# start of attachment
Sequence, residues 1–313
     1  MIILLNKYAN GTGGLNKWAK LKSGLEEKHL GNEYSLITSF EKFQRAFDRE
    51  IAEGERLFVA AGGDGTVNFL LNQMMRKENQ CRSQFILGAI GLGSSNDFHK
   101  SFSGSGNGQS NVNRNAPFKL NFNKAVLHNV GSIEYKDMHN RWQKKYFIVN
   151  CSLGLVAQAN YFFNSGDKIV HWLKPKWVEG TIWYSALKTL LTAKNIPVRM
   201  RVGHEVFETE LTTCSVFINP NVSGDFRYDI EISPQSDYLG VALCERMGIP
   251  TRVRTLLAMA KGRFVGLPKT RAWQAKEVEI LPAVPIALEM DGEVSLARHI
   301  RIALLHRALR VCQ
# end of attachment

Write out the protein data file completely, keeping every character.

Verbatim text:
Sequence, residues 1–313
     1  MIILLNKYAN GTGGLNKWAK LKSGLEEKHL GNEYSLITSF EKFQRAFDRE
    51  IAEGERLFVA AGGDGTVNFL LNQMMRKENQ CRSQFILGAI GLGSSNDFHK
   101  SFSGSGNGQS NVNRNAPFKL NFNKAVLHNV GSIEYKDMHN RWQKKYFIVN
   151  CSLGLVAQAN YFFNSGDKIV HWLKPKWVEG TIWYSALKTL LTAKNIPVRM
   201  RVGHEVFETE LTTCSVFINP NVSGDFRYDI EISPQSDYLG VALCERMGIP
   251  TRVRTLLAMA KGRFVGLPKT RAWQAKEVEI LPAVPIALEM DGEVSLARHI
   301  RIALLHRALR VCQ